Thursday, March 17, 2022
Jeffrey Kahn (Florida State) presents Taxing Tort Damages: Do Juries Care? (with John Lopatka (Penn State-University Park)) at Duke today as part of its Tax Policy Seminar hosted by Lawrence Zelenak:
A taxpayer may exclude from her income any compensatory damages received on account of a physical injury. While the exclusion has narrowed in scope since its inception, the general rule of nontaxation for compensatory damages has existed in the United States tax system since 1919. Despite this rule already celebrating its 100th birthday, there is still no consensus on the tax policy justification for the exclusion of compensatory damages. Whether there is a policy justification or not, the current rule of exclusion raises another issue: should juries be informed about this tax treatment when determining the appropriate amount of damages. Again, despite this related issue being as old as the exclusion itself, there is no uniform resolution in state courts. A majority of states prohibit any tax jury instruction, but several states allow courts to inform juries that awards are not subject to taxation. The Supreme Court also sanctioned the use of a tax exclusion instruction in Federal Employee Liability Act cases.
Proponents of informing the jury of the tax exclusion treatment stress that such information leads to more appropriate compensation for the plaintiff. Without such information, juries may mistakenly believe that they need to gross up the award to ensure that plaintiffs are fully compensated, thereby in fact providing the plaintiff a windfall. Opponents of providing the information note that it adds unnecessary complications to the trial and benefits the tortfeasor since it likely leads to lower damage awards. What then should a court do when the defendant requests an instruction informing the jury that some damages are excluded from federal income tax?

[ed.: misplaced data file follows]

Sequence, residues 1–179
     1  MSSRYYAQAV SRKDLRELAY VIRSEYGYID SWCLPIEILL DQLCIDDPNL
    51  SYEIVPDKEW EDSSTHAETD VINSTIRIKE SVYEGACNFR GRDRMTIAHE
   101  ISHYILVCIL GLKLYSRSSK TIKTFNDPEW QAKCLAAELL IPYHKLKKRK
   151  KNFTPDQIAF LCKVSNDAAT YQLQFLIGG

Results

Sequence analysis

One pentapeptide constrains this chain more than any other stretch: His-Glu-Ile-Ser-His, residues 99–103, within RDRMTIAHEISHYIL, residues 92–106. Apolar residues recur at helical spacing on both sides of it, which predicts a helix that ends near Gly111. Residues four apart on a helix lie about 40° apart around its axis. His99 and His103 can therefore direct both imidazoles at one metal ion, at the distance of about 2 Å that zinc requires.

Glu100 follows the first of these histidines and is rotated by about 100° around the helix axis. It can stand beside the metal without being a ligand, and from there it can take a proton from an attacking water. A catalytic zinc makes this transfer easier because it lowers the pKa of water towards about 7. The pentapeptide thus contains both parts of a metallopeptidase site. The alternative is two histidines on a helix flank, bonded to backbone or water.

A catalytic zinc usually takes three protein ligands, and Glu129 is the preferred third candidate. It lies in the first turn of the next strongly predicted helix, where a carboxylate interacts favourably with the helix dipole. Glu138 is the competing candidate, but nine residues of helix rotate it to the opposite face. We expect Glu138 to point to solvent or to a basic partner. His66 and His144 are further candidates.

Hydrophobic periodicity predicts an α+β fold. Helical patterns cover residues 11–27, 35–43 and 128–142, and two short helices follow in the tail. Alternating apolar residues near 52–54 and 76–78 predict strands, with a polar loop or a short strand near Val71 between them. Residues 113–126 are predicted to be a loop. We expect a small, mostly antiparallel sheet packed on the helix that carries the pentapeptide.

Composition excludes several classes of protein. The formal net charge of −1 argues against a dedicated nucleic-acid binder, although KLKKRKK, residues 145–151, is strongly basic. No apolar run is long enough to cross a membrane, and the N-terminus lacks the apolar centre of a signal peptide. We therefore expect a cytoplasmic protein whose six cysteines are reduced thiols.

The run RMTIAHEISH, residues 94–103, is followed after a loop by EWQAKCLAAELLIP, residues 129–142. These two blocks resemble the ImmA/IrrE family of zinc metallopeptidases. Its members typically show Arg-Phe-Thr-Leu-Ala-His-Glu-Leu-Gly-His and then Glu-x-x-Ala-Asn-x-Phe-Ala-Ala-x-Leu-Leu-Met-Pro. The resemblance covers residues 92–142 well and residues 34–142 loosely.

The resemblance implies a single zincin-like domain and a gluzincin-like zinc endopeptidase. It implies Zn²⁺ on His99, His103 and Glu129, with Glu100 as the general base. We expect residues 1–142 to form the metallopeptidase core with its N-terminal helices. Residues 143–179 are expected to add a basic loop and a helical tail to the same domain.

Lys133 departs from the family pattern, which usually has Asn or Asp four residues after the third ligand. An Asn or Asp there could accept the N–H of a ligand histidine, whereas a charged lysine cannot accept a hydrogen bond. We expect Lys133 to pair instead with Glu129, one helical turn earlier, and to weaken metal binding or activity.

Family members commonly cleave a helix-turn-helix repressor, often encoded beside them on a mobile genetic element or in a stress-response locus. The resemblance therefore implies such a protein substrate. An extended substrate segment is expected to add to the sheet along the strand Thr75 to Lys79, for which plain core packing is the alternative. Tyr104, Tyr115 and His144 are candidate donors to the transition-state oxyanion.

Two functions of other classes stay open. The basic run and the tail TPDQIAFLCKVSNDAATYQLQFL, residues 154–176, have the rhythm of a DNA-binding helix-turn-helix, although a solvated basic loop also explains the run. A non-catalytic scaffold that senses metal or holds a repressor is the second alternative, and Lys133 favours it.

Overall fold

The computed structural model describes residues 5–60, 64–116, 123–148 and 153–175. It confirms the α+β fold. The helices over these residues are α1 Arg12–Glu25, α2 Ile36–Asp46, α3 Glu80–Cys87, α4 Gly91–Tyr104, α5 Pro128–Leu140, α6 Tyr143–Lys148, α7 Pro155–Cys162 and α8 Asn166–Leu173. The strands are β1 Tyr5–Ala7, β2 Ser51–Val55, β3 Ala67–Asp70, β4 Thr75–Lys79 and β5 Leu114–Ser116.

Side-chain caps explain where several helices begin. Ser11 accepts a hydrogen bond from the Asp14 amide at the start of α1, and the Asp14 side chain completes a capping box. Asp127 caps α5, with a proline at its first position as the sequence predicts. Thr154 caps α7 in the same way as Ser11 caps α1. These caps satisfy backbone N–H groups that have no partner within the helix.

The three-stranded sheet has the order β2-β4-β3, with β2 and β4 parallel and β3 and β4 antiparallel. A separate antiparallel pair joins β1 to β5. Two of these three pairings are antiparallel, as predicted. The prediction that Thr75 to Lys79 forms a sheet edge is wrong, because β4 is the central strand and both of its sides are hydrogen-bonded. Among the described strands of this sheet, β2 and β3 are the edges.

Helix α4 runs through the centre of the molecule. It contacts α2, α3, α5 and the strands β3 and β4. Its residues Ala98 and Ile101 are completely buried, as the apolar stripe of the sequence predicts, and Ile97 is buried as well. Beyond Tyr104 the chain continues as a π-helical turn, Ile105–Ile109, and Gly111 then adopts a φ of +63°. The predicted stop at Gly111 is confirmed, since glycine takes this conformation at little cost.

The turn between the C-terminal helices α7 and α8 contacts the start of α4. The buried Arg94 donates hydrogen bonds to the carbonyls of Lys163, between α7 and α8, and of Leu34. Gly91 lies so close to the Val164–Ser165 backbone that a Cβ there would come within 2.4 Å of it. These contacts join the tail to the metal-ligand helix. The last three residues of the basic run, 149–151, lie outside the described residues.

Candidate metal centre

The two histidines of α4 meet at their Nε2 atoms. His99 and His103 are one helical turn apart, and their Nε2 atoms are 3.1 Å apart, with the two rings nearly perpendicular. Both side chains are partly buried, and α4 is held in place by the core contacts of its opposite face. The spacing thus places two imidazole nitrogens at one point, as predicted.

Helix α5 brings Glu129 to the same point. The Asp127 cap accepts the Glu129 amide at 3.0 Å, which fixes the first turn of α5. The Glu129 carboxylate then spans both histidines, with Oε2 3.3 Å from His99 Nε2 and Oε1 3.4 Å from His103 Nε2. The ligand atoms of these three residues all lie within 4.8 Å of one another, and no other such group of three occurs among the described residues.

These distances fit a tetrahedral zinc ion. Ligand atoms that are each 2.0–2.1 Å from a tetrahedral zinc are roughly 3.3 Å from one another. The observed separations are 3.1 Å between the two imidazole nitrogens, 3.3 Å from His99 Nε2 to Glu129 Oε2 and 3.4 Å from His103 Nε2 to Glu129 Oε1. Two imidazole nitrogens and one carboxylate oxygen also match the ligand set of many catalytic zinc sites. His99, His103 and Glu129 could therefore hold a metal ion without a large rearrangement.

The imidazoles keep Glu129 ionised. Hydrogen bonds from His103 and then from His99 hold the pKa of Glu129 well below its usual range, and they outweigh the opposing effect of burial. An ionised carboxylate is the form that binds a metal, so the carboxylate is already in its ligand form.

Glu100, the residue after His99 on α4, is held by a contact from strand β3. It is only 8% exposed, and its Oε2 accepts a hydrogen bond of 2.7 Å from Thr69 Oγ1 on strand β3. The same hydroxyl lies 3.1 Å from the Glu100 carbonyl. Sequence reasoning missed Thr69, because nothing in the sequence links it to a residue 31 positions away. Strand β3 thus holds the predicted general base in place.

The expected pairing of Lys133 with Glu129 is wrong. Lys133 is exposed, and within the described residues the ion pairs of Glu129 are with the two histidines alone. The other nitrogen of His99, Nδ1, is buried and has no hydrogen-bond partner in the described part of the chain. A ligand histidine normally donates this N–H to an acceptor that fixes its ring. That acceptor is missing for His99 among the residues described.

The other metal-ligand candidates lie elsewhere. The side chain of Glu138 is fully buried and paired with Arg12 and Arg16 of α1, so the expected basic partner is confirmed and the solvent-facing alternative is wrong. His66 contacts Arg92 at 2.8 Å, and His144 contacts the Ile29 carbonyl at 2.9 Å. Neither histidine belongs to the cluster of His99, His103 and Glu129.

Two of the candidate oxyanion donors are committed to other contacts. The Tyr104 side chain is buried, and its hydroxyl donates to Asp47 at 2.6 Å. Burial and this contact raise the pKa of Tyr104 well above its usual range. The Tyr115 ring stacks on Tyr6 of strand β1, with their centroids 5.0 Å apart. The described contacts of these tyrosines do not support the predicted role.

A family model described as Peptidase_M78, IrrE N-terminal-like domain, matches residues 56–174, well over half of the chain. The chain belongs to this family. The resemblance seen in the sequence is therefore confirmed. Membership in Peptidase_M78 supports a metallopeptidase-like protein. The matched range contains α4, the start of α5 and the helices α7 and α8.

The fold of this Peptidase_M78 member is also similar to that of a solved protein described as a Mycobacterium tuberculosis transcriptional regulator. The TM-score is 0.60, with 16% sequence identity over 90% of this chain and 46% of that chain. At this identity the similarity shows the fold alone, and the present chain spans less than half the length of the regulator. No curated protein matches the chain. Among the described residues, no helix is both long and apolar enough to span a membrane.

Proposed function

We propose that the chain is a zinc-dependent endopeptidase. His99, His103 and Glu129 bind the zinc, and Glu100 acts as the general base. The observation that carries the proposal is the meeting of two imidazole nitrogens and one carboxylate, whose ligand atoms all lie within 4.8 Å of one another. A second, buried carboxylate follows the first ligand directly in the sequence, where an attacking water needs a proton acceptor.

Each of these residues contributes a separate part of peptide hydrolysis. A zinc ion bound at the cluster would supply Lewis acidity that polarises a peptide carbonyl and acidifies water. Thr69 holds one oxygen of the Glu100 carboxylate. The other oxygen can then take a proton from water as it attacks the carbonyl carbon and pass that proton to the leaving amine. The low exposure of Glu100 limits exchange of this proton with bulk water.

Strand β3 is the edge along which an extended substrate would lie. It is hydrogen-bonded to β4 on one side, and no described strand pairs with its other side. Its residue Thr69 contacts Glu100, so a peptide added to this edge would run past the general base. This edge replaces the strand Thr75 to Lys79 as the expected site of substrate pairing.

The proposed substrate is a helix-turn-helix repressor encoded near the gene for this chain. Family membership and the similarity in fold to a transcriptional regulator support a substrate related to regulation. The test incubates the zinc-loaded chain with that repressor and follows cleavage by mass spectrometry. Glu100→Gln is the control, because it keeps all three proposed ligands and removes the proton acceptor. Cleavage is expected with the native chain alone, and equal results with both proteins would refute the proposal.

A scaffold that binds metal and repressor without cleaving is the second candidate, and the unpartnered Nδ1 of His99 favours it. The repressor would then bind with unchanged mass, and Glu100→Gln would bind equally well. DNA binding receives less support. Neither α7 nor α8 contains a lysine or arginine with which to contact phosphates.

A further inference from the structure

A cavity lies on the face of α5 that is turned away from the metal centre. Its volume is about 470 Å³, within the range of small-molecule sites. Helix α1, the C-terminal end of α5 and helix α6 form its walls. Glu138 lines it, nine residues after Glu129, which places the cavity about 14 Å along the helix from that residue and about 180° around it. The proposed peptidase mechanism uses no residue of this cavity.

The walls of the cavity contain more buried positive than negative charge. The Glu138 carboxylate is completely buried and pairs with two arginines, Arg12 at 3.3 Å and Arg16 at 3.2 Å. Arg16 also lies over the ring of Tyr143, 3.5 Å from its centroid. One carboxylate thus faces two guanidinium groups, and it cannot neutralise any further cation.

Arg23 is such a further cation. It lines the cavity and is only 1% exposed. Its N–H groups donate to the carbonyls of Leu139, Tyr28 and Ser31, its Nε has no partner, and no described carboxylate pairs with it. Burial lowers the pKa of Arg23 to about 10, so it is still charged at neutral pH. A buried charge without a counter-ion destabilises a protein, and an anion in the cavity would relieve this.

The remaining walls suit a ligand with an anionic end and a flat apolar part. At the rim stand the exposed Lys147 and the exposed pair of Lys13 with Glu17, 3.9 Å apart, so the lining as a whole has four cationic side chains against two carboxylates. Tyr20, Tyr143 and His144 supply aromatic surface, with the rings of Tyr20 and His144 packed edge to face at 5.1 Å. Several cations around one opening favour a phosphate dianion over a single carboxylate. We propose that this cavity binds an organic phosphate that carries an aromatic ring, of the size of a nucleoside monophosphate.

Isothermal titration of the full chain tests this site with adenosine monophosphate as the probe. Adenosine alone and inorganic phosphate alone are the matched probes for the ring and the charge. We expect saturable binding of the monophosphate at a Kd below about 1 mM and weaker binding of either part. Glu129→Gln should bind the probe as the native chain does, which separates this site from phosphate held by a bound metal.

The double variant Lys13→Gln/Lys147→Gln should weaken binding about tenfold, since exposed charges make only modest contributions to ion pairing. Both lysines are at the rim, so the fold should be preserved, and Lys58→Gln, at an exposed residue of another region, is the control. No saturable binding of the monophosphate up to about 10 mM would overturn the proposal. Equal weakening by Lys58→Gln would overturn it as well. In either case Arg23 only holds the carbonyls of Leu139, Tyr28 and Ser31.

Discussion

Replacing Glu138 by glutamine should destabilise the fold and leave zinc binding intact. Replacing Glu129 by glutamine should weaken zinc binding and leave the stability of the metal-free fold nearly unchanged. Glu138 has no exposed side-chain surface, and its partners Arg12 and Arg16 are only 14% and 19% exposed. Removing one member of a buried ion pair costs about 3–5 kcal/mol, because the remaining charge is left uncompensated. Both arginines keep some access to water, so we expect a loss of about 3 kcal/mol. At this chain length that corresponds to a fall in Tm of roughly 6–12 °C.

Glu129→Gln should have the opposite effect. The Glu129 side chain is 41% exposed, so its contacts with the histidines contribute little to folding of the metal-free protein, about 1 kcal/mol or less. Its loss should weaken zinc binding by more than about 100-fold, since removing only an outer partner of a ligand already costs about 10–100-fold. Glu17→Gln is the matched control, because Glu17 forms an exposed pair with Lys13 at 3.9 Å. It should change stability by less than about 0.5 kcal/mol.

In this piece, we revisit the issue of the taxation of damages and review the policy justifications that have been set forth to justify the current exclusion. We then review the policy elements of tort law to question whether the current tax exclusion furthers those goals. With those tort policies in mind, we turn to the question of whether a tax jury instruction is appropriate and helpful.
To support our conclusions, we report the results of an empirical experiment designed to determine the effects of a tax jury instruction. We believe this is the first empirical study that tested the effect of jury instructions that inform the jury of the tax treatment of compensatory damage awards. Using the results of this survey to bolster our case, we conclude with both a proposal for altering the income tax treatment of damages and, assuming that such change is unlikely in the near future, a resolution of the issue of whether tax jury instructions should be provided in tort cases.